Saturday, April 25, 2009
The Global Climate Coalition, an advocacy group financed by the oil, coal and auto industries and other trade groups throughout the 1990s, kept fanning doubts that emissions of heat-trapping gases were leading to global warming even though the group's own experts were telling it that the science was "well established and cannot be denied." The New York Times' Andy Revkin reported Friday that a document filed in a federal lawsuit gives a peek into how the coalition leaders not only ignored their own scientific and technical experts, but also appear to have suppressed a document that soundly rejected the arguments of climate change skeptics. Here's what the coalition's own scientists said in an internal report compiled in 1995: "The scientific basis for the Greenhouse Effect and the potential impact of human emissions of greenhouse gases such as CO2 on climate is well established and cannot be denied." Here is the complete article in the Oregonian.
Last year marked the worst year for catastrophe losses from tornadoes, according to the National Oceanic and Atmospheric Administration, with preliminary statistics showing 1,691 tornadoes in 2008—second only to 2004, when there were nearly 1,820 tornadoes. Many of the storms broke out in the early half of the tornado season, with seven states in the southeastern United States experiencing more than 200% of their average annual tornado frequency in just the first half of the season, according to catastrophe modeling firm Risk Management Solutions Inc.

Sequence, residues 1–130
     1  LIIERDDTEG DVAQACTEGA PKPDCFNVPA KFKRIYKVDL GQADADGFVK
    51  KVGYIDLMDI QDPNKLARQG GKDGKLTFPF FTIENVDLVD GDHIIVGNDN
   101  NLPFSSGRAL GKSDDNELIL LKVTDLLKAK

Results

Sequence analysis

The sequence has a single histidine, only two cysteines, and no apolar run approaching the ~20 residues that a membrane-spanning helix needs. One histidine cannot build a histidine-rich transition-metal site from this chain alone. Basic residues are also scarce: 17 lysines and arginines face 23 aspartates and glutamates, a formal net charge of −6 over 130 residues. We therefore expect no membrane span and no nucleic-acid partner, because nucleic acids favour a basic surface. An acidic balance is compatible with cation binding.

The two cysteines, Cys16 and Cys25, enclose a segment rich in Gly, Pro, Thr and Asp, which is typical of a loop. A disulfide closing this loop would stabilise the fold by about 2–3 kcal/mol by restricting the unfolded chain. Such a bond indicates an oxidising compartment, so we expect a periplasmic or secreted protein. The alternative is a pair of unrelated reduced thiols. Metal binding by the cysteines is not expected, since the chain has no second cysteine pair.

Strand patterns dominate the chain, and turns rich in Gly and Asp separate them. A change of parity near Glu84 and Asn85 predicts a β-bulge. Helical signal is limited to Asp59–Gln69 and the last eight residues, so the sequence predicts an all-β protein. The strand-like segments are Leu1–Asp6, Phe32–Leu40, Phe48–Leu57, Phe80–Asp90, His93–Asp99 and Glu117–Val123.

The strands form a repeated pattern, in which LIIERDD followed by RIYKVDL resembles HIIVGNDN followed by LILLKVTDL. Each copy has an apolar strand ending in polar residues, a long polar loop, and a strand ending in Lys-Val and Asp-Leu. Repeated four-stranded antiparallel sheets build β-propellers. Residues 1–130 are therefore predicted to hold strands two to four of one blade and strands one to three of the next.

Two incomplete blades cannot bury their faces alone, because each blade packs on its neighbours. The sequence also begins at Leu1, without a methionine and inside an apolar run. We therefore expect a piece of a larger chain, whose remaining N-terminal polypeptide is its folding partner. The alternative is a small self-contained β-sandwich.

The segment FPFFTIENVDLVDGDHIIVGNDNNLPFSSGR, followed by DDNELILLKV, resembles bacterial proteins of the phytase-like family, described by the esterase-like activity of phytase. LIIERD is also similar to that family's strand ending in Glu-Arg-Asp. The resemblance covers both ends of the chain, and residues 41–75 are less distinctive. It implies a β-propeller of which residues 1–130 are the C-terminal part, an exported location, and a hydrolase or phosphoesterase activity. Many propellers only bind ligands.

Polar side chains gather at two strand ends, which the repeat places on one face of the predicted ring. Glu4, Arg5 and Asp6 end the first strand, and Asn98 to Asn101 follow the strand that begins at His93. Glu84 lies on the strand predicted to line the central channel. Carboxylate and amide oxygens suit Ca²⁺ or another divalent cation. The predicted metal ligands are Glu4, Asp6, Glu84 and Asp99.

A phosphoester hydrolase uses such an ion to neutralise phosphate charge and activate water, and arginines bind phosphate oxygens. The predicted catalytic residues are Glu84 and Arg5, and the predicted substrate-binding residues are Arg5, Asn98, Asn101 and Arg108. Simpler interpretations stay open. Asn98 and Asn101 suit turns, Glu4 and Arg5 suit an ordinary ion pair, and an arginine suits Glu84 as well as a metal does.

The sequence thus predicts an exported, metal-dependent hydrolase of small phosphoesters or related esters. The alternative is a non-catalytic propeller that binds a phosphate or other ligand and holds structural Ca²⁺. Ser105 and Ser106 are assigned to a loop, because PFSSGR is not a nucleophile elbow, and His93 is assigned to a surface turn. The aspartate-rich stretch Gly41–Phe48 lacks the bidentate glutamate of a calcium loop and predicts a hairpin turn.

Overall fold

(Are we really experiencing an uptick in tornadoes? Or are we just doing a better job finding and documenting the tornadoes that have always been there? A fluke or a trend? Click here to read the entire article documenting this apparent - statistically valid - increase in tornadoes across the USA).
Friday, April 24, 2009
Hey, I'm not making this up: why carry an umbrella when you could stick your head into a big, transparent, waterproof......uh....THING! It looks like something out of Star Trek or Lost In Space. I'm going out on a limb here, but my hunch is that this device will NOT help you attract members of the opposite sex. Just a gut feel. But if you're determined to plunk down $50 for your own Nubrella, click here.